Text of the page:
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6 Things I Learned From a Virtual Spring Semester (To Help You Navigate the New School Term)

I definitely felt a little uncertain and nervous when I decided to take online classes during the Spring 2020 term, since most of us did not know what to expect from an all-online school term. However, today I will be sharing some of the things I have learned over the last term that can make your virtual Fall term easier to navigate. 

Make your own class schedule

Regardless of whether your department or professors decide to offer live lectures or your classes are mostly asynchronous, aiming to make your own class schedule at the beginning of the term will make it easier to structure your week and study effectively. One of the things most students noticed during the Spring term is that the number of assignments, weekly quizzes, etc. for a given course has increased. In order to keep up with the increased workload, you can set certain days with specific courses based on your assessment deadlines. 

Attend every live component offered in the course if possible

Depending on the time zone you are currently in, you might have limited ability to attend any live parts of the course you’re taking. However, if your course has virtual lectures, discussion sessions, or office hours, try to attend these as much as possible. This might not only help you better understand the course content, but having a chance to meet and interact with the instructors and other people in the course is a critical way to make connections. Especially given that you might not get a chance to make these in-person connections anytime over the coming months.

Make study groups

Reaching out to others taking the course and arranging small, supportive, and effective study groups is more important than ever. It can become really easy to feel isolated and unsure about where to seek help when you are struggling with some course content or assignments. Arranging virtual study sessions is an effective way to keep up with assignment deadlines, discuss course material, and get help when questions arise. However, make sure that everyone in the group is respectful and supportive of one another. And remember to be very careful about school policies regarding academic integrity. 

Take notes

Yes, even though most of the course content might be delivered as PowerPoint slides, lengthy PDF documents, or audio lectures, you still need to take notes. Although the decision of whether to take hand-written or typed notes depends generally on personal preference, it might be more convenient to organize and use typed notes when the course material is presented digitally. Since most of the professors might choose to make the class notes available for everyone, it can feel like simply downloading and reading through those files is effective enough. However, some students, including myself, have noticed that the ability to learn and remember course content has gotten slightly challenging when audio recordings and lengthy readings replace classroom interaction. That’s why creating your own notes on key parts of each class will be helpful with both remembering the course content better and preparing for exams later in the term.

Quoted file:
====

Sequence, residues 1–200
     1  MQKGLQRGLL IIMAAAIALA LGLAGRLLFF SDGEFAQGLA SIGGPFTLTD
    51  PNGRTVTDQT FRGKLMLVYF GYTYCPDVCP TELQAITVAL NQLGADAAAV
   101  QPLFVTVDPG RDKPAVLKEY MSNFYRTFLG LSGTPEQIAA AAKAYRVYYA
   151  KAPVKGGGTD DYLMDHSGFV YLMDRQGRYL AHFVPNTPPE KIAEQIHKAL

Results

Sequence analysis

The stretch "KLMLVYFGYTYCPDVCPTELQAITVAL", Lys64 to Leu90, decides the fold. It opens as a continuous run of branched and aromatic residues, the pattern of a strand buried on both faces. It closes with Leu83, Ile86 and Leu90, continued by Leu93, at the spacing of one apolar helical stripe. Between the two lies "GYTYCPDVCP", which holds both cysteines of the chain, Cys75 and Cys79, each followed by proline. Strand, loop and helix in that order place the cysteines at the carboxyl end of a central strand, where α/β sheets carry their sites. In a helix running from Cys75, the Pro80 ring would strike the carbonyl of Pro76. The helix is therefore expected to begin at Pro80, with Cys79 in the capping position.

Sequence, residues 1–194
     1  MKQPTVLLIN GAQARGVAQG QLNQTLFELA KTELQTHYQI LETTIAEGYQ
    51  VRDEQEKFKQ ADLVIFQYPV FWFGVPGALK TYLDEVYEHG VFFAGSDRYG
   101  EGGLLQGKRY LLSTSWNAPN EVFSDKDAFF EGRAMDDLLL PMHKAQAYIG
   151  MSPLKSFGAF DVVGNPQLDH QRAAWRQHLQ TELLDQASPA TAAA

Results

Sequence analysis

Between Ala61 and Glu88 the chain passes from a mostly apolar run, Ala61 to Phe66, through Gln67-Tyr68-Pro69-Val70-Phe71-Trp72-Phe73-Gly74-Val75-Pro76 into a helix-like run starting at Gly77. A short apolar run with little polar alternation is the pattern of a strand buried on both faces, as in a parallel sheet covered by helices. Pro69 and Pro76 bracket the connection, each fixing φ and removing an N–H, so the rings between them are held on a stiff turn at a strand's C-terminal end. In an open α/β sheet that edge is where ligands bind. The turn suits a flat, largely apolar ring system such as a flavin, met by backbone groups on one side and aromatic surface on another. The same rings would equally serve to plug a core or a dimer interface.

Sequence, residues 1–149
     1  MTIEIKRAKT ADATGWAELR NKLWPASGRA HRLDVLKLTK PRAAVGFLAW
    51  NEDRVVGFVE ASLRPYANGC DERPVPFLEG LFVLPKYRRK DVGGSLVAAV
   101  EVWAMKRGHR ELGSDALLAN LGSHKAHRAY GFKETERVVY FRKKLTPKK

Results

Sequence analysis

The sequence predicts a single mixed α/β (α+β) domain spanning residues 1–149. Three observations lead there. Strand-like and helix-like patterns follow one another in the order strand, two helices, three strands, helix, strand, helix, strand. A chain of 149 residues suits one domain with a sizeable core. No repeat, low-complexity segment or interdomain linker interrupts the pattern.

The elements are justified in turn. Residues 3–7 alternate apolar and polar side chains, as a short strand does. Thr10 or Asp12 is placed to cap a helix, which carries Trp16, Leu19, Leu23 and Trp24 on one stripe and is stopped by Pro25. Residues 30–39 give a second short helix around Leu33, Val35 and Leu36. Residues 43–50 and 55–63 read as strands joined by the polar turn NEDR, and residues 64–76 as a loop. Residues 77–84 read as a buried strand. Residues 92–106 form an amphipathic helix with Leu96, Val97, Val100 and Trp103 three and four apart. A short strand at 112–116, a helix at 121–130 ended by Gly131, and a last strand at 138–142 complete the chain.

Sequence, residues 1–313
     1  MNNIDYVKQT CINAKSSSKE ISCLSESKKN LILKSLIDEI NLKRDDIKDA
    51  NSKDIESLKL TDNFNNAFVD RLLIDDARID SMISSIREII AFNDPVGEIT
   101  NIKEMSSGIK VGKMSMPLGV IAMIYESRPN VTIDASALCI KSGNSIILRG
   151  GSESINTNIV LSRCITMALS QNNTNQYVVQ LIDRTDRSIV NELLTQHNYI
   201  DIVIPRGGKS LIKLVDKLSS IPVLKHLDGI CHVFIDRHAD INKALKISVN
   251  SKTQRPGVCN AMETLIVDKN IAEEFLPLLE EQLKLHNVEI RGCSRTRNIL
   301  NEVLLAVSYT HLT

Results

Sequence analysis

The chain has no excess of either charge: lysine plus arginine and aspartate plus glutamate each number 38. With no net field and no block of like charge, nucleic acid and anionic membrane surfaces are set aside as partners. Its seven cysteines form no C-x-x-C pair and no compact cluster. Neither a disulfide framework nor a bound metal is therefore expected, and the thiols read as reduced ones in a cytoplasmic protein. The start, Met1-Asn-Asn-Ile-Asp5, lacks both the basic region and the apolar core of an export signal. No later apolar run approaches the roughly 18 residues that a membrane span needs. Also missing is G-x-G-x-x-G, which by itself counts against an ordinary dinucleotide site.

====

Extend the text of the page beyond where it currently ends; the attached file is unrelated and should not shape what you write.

Study effectively for the open-book exams

Studying effectively for online open-book exams might be trickier than studying for regular exams. Don’t get comfortable with the preparation process just because you will be allowed to have access to resources during the exam. The open book exams are usually structured differently than closed-book exams considering the very fact that students will have access to all the course materials. The specifics about the structure of the exam will likely depend on each course, however, there is generally a tighter time limit or questions that require original, more detailed answers. Furthermore, if you have not reviewed the class materials prior to the exam, the time pressure will make it more challenging to find the appropriate source you might need to answer a question. If you are allowed to access course materials, then make sure to organize everything you might need, including your lecture notes, neatly. 

Take care of your physical and mental wellbeing

One of the disadvantages of studying and working from home is that the workday has become longer and we might feel the pressure to get back to emails and tasks almost immediately, regardless of the time of the day. On the flip side, since most of us will not be leaving our houses and commuting to campus to attend classes, it can feel like you have more availability during the day, leading to procrastination on certain tasks. To prevent this from happening, try to maintain a healthy sleep and eating schedule. Make sure that sitting in front of your screen studying and doing homework doesn’t lead to unhealthy snacking or skipping lunch/dinner breaks. Considering that the time we will be spending in front of a computer has increased even more (including for work-related or social and study meetings), try to find activities and hobbies that will give you a chance to get away from your screen a couple of hours each day.

Hey, there! I am a 4th year Honours Psychology and Economics student at the University of Waterloo. I love watching movies, cooking and photography.
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